We found a California case in which a man was prosecuted for having sexual relations with his niece of the half blood. The California Supreme Court concluded that the relationship was not incestuous because the Civil statute only referred to “uncle” and “niece” and made no reference to the half or the whole blood. The Court reasoned that in a criminal prosecution the statute on incest should be interpreted in the light most favorable to the defendant. However, while this reasoning applied in the criminal context where the standard of proof was “beyond a reasonable doubt”, it is clear to us that the same standard would not apply in a civil matter, such as your unique situation.

The state of Colorado permits marriages between an uncle and niece if the parties belong to an aboriginal culture. However, this would not apply to your unique situation.

The state of Rhode Island permits marriages between an uncle and niece of the half blood if they belong to the Jewish religion, and if their religion would permit the marriage. However, this would not apply to your unique situation at this time.

Several of the states we researched impose criminal penalties for marrying or having sexual relations with someone within the degrees of relationship for which marriages are prohibited, including an uncle and niece. In our opinion, the likelihood of such a prosecution is extremely remote. But we believe you should be aware of the possibility.

One Possibility – a Voidable Marriage

In our opinion, the only way for an uncle and niece of the half blood to obtain a binding marriage would be to find a state in which the marriage would be considered merely voidable instead of void, and in which the disclosures for obtaining a marriage license are minimal.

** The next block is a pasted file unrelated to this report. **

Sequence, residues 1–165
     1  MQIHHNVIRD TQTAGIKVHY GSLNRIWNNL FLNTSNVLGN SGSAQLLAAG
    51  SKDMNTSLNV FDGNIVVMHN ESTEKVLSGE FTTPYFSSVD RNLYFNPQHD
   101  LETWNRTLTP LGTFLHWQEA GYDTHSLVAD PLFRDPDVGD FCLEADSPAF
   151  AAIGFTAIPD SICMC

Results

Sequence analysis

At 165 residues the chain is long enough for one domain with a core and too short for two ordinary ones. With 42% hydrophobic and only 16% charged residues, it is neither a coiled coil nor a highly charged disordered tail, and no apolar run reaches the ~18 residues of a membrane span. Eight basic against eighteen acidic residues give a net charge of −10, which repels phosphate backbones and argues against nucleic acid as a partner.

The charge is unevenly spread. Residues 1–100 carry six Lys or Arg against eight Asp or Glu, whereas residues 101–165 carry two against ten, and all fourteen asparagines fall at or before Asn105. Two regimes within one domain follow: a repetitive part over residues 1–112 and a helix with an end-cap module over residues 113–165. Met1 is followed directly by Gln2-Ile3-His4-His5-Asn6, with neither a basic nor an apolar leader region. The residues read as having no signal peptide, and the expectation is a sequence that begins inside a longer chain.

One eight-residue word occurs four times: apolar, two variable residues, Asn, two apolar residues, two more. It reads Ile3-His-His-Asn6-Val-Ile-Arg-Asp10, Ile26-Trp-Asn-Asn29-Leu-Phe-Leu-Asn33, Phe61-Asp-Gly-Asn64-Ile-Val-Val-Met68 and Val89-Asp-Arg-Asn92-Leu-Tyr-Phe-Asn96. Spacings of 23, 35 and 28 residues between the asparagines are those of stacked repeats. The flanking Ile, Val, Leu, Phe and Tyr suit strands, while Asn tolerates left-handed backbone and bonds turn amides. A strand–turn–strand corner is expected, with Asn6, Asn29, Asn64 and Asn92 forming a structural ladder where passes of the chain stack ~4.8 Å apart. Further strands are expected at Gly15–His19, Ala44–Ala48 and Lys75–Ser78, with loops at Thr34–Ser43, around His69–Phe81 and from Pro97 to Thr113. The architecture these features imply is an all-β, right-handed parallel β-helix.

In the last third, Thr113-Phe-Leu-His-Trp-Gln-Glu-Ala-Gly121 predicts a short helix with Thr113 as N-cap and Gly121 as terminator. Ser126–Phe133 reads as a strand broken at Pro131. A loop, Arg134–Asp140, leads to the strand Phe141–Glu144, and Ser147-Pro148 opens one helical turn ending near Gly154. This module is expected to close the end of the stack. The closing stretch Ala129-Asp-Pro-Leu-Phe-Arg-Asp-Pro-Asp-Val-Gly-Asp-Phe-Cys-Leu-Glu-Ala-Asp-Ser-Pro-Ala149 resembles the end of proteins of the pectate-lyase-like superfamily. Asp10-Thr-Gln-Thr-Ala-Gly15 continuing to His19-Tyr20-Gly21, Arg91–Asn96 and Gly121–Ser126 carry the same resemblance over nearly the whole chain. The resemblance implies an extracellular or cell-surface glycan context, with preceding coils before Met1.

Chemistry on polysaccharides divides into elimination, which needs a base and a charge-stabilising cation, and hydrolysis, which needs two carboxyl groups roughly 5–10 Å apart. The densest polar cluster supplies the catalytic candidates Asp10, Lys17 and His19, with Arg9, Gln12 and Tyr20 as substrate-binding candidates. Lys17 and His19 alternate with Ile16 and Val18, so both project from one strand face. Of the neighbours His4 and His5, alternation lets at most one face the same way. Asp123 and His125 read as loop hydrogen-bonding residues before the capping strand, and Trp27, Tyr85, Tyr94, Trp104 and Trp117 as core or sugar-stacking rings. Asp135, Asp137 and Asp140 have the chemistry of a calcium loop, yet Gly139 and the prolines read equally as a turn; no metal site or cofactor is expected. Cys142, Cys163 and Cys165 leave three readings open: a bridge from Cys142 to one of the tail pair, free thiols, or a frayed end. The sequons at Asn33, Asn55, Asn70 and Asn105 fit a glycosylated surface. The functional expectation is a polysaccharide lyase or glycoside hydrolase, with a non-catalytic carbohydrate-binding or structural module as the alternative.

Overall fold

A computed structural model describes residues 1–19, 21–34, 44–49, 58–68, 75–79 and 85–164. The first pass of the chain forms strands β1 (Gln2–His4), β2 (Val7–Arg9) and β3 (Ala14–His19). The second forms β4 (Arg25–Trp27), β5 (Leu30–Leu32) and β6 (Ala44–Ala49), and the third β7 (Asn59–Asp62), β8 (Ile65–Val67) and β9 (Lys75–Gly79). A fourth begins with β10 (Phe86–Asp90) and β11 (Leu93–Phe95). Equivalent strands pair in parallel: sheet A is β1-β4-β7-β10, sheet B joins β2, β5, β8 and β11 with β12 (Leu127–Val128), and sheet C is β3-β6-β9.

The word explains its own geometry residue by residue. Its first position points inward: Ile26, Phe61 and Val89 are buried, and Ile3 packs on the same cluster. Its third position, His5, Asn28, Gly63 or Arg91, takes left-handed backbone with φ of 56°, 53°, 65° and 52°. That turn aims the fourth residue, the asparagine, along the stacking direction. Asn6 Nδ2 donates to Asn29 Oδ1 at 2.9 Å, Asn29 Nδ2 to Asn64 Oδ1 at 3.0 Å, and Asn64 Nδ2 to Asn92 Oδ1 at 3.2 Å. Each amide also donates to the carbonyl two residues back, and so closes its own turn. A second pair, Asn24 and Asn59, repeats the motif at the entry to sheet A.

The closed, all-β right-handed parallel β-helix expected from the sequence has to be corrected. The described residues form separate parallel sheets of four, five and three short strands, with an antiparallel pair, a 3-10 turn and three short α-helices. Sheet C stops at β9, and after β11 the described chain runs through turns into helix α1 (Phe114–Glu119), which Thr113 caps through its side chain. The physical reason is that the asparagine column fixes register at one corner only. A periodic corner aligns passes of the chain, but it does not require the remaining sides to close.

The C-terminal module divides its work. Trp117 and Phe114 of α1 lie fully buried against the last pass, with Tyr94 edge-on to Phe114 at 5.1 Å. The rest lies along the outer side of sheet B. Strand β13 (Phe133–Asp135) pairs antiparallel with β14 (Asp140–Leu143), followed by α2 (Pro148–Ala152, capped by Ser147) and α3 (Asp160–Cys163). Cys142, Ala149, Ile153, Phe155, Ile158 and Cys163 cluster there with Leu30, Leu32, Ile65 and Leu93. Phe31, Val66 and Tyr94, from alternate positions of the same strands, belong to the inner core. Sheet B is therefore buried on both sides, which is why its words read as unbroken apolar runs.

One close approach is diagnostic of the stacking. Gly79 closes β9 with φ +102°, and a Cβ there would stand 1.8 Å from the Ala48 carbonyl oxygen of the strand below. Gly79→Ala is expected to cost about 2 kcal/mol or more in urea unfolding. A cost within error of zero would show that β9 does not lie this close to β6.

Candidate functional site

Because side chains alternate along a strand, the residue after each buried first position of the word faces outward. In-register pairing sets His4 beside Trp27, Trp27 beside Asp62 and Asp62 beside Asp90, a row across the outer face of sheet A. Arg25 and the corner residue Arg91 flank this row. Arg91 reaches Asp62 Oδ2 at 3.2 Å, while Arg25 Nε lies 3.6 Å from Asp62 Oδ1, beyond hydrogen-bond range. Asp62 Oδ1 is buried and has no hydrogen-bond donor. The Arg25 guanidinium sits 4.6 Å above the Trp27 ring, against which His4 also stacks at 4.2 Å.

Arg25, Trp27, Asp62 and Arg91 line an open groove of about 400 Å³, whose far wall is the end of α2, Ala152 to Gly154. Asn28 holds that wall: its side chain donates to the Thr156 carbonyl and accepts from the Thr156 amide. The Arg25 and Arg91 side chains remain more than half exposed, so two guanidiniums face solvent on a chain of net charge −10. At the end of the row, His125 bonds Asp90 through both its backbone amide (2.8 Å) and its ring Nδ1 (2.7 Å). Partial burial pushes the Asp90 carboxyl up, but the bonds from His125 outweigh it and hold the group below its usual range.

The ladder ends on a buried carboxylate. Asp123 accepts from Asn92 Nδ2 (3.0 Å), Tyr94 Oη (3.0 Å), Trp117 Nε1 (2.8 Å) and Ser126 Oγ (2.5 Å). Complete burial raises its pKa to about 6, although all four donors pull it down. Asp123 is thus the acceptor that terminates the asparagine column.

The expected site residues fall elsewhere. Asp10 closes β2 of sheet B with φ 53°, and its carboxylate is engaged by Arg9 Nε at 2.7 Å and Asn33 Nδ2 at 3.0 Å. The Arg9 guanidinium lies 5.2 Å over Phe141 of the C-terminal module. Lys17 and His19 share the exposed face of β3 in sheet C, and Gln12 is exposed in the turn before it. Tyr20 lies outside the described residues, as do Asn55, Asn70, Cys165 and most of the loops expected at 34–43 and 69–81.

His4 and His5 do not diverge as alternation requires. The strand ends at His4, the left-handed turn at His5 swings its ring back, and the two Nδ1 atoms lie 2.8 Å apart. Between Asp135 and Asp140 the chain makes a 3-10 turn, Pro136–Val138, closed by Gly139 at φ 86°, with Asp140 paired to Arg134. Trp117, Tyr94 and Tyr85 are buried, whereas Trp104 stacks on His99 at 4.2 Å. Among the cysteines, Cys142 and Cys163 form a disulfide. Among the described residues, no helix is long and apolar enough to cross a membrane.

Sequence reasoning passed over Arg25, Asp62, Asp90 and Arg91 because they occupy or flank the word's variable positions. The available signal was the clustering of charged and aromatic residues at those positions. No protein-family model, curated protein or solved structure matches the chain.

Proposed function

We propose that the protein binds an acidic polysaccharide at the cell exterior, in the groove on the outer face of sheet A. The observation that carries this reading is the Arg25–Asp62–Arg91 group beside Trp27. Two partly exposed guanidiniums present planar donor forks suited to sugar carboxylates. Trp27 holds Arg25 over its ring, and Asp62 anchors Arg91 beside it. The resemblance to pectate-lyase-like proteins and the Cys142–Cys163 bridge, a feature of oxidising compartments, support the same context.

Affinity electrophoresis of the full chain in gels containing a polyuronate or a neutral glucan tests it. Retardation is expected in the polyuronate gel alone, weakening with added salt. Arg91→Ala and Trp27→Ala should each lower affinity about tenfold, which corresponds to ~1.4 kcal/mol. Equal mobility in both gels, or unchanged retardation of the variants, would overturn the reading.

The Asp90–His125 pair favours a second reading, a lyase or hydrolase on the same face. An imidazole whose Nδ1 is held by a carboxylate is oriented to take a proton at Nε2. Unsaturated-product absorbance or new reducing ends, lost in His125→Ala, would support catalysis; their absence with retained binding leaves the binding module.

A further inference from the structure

There is a difference between void and voidable marriages. If a marriage is void, it means that no state will recognize it for any purpose. However, if the marriage is merely voidable, it means that there is a valid and binding contract between the parties, provided that they entered into the marriage freely and voluntarily. We would need to perform more in-depth research on all fifty states’ statutes and case law in order to determine whether or not there is a state where an uncle and niece marriage would be considered voidable instead of void. We would require medical evidence of your inability to have children before we would be willing to recommend such a course of action.

The possibility of an ecclesiastical marriage

We are very sensitive to your desire to be married in an ecclesiastical wedding ceremony. After careful and deliberate consideration, we respectfully believe that we are not equipped to render an opinion or a recommendation on the subject of whether or not your potential marriage could be performed in an ecclesiastical wedding ceremony of your faith. This is strictly an ecclesiastical matter, and not the type of legal matter for which we have been specially trained. Therefore, we feel that it is a matter for careful and considered discussion with your church leaders, and we respectfully believe that it would not be appropriate for us to render an opinion or a recommendation on this matter.

Opinion and Recommendation

In summary, in our opinion, there is no state in which an uncle and niece of the half blood may marry. Even if such a marriage purportedly took place, it would likely be considered void under most, if not all, state’s laws. Because of this, we do not recommend pursuing this marriage in the currently prevailing legal climate.

This material should not be construed as legal advice for any particular fact situation, but is intended for general informational purposes only. For advice specific to any individual situation, an experienced attorney should be contacted.

Contact a Salt Lake City Attorney Committed to Protecting Your Rights

When it comes the family law and social security disability, each client and case is different. It is also important to select an attorney with the experience, skills and professionalism required to address your legal issues. To learn more, contact the Salt Lake City law offices of Melvin A. Cook and schedule an initial consultation to discuss your case.